Glenn Kilpatrick

Logerhead Turtle Washed Up On Cornwall Beach


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Young loggerhead washed up on Cornish beach is first report of 2012
Widemouth Bay is final resting place for endangered ocean traveller

A small loggerhead turtle discovered dead on a beach near Bude is the first Cornish turtle record of 2012 and could play an important part in finding out more about these long distance ocean travellers says the Marine Conservation Society (MCS).

The juvenille loggerhead turtle, listed as an endangered species, was just 26.4cm in length and is the 215th loggerhead turtle on record in UK and Ireland. It was spotted by a couple out walking along Widemouth Bay.

The pair said they found the turtle in perfect condition, upside down on rocks on an afternoon walk on January 9th. The couple reported it to MCS via the UK Turtle Code after the charity urged walkers to get in touch with sightings of dead or alive turtles, after some rare Kemp ridley and green turtles were found on beaches in Wales and Scotland over the Christmas period.

Dr Peter Richardson, MCS Biodiversity Programme Manager, says these young turtles have been washed in by the recent severe storms: “The ongoing windy weather blowing onto our shores will have generated surface currents in the ocean that will have sucked these small, young turtles from the warmer waters where they live, into our chilly seas. They cannot survive our winter temperatures for long but can sometimes be rescued if reported in time. It is great that these recent turtles were reported and as the windy weather continues, it’s essential that anyone finding stranded turtles on our shores reports them as soon as possible.”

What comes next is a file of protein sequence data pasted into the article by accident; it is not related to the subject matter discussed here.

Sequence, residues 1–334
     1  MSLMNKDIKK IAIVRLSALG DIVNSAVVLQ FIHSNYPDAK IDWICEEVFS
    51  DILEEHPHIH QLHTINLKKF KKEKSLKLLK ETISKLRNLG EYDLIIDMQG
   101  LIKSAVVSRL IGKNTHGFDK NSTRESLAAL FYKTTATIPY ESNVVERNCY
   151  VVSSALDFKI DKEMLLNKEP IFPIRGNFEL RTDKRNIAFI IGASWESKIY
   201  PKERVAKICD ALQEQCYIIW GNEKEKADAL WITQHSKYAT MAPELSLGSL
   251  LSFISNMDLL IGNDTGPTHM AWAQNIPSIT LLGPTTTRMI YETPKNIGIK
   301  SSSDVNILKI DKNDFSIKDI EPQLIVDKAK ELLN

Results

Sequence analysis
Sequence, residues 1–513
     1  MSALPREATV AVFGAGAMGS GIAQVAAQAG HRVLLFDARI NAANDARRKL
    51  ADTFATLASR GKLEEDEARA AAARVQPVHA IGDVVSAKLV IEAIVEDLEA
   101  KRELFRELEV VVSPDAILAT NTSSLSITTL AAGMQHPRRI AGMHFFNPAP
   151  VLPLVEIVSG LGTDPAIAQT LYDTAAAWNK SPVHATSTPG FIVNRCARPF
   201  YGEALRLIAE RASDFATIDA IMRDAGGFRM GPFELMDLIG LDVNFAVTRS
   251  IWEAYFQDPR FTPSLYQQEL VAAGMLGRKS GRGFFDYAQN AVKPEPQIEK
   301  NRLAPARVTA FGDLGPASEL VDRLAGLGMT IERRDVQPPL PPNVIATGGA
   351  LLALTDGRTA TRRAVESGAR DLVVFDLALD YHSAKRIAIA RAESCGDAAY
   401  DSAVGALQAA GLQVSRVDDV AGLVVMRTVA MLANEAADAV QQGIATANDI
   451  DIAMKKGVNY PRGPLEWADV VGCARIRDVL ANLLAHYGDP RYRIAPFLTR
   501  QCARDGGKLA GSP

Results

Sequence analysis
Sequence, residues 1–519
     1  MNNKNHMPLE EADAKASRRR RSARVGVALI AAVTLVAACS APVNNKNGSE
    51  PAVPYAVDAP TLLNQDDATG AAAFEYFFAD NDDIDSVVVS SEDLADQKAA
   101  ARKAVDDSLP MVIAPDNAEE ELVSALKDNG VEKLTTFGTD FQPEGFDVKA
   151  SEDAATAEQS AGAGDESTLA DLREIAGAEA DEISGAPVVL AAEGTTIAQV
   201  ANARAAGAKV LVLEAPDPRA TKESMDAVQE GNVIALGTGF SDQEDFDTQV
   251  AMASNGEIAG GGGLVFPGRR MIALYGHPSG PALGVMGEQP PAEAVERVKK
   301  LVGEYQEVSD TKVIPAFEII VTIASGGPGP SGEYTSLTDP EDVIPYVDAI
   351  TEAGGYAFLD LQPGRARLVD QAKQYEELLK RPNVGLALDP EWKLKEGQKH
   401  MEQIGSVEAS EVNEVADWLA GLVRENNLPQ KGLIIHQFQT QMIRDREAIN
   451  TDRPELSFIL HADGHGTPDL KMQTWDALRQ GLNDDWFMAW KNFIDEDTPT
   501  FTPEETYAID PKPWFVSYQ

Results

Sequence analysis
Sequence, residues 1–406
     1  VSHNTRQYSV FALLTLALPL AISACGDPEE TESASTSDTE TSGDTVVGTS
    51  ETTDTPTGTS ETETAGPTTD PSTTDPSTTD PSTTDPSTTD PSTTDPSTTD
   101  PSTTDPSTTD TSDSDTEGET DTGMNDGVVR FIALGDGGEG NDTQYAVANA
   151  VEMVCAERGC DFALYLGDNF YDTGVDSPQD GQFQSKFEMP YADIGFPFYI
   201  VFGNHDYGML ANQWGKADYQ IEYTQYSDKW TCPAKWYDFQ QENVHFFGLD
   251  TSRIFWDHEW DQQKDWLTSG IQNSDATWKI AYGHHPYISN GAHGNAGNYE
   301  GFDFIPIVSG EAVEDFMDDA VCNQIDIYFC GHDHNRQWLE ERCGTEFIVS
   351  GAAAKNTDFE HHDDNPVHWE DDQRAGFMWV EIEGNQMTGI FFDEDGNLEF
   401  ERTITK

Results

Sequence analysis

Of the seven species of marine turtles, loggerheads breed at the most northerly latitudes, with the nearest breeding populations to the UK found in the south eastern USA, the Mediterranean and the Cape Verde Islands. Juvenile loggerheads spend their first few years swimming at the surface of the open ocean feeding on jellyfish, before settling in inshore waters where they use their powerful beaks to eat crabs and other shellfish. When young, loggerheads thrive in warmer waters. They stop feeding when in temperatures below 15oC, and become comatose in waters below 10 oC.

Dr Richardson says it’s really important that sightings are reported: “It’s possible more turtles will be washed up in. We would ask people to keep their eyes peeled for stranded turtles. Please don’t throw them back in the sea but get them away from the water in a sheltered place, preferably in a cardboard box out of draughts – stranded turtles can appear dead but may still be alive and can be rescued. However if they have died they are also useful to us for post-mortem research. All the relevant numbers are available on our downloadable UK Turtle Code which you can find on our website at www.mcsuk.org”




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